Or consider last summer's "basketbrawl," in which the Chinese military team Bayi Rockets slugged it out with the visiting Georgetown Hoyas. The gratuitous aggression all came from the Chinese side, as many Chinese commentators noted.

Obviously there are big differences between American culture as a whole and the varied cultures of mainland China, Taiwan, South Korea, Japan, etc. But (in my view) that has zero to do with Jeremy Lin's amazing recent run.

By happy chance, yesterday was the publication date for a wonderful book about the way those differences show up in sports, and the larger implications for U.S. and Chinese interactions. This is Brave Dragons, by Jim Yardley of the New York Times, which uses the travails of an American coach and player on a flailing Chinese hoops team as a way of explaining larger U.S.-Chinese interactions. The two countries' differing approaches to discipline, individuality, athletic training, and other matters show up on the basketball court as they do elsewhere, Yardley shows. But not in what we've seen from Lin and the Knicks.

Now you know. And for the record, I am going on at such length because I agree with Bob Wright on the vast majority of other topics.

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James Fallows is a national correspondent for The Atlantic and has written for the magazine since the late 1970s. He has reported extensively from outside the United States and once worked as President Carter's chief speechwriter. His latest book is China Airborne. More

James Fallows is based in Washington as a national correspondent for The Atlantic. He has worked for the magazine for nearly 30 years and in that time has also lived in Seattle, Berkeley, Austin, Tokyo, Kuala Lumpur, Shanghai, and Beijing. He was raised in Redlands, California, received his undergraduate degree in American history and literature from Harvard, and received a graduate degree in economics from Oxford as a Rhodes scholar. In addition to working for The Atlantic, he has spent two years as chief White House speechwriter for Jimmy Carter, two years as the editor of US News & World Report, and six months as a program designer at Microsoft. He is an instrument-rated private pilot. He is also now the chair in U.S. media at the U.S. Studies Centre at the University of Sydney, in Australia.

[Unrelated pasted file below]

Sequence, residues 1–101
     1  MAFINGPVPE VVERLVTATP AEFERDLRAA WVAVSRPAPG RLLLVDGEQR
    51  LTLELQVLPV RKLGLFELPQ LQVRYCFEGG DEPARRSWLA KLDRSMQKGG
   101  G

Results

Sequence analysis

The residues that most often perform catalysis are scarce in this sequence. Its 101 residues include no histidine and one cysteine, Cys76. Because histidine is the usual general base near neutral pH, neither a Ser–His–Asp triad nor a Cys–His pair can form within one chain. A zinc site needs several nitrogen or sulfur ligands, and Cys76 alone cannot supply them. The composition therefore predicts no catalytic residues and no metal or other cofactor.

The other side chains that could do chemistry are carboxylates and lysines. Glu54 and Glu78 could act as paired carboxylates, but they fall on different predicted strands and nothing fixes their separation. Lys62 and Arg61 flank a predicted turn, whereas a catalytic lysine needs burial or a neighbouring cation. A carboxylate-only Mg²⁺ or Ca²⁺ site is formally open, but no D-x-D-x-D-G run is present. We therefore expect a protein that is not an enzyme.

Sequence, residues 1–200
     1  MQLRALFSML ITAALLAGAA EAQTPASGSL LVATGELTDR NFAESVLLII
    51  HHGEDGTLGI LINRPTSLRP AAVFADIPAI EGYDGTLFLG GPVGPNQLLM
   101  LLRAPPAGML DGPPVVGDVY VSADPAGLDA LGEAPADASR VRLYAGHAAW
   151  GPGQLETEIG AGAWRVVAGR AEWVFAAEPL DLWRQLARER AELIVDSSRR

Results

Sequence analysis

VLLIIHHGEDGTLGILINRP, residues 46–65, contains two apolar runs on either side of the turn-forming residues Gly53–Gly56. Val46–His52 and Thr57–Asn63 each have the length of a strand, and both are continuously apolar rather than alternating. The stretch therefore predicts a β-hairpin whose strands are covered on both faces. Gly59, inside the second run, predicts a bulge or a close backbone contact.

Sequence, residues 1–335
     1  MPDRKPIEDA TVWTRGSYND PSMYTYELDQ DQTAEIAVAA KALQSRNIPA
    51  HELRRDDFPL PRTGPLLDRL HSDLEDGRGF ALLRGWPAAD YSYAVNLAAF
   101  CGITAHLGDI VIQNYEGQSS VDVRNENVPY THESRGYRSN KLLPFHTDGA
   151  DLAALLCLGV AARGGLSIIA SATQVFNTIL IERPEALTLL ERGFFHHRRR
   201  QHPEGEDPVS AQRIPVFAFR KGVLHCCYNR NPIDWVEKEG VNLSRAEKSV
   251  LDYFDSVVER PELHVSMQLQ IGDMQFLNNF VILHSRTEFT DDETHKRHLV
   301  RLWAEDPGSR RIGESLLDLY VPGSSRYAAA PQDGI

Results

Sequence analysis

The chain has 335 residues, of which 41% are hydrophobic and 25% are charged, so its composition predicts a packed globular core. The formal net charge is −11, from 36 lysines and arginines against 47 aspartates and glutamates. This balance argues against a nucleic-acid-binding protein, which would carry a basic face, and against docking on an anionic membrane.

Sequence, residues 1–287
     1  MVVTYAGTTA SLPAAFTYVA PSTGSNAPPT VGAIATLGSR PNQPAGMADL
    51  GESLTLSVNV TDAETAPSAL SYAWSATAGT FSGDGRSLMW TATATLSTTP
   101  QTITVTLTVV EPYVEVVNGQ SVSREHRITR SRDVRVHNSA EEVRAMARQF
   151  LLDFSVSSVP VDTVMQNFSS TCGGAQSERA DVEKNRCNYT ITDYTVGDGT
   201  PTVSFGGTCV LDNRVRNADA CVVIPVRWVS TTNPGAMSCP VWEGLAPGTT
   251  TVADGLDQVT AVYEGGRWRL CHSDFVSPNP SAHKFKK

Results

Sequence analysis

Fallows has been a finalist for the National Magazine Award five times and has won once; he has also won the American Book Award for nonfiction and a N.Y. Emmy award for the documentary series Doing Business in China. He was the founding chairman of the New America Foundation. His recent books Blind Into Baghdad (2006) and Postcards From Tomorrow Square (2009) are based on his writings for The Atlantic. His latest book is China Airborne. He is married to Deborah Fallows, author of the recent book Dreaming in Chinese. They have two married sons.

Fallows welcomes and frequently quotes from reader mail sent via the "Email" button below. Unless you specify otherwise, we consider any incoming mail available for possible quotation -- but not with the sender's real name unless you explicitly state that it may be used. If you are wondering why Fallows does not use a "Comments" field below his posts, please see previous explanations here and here.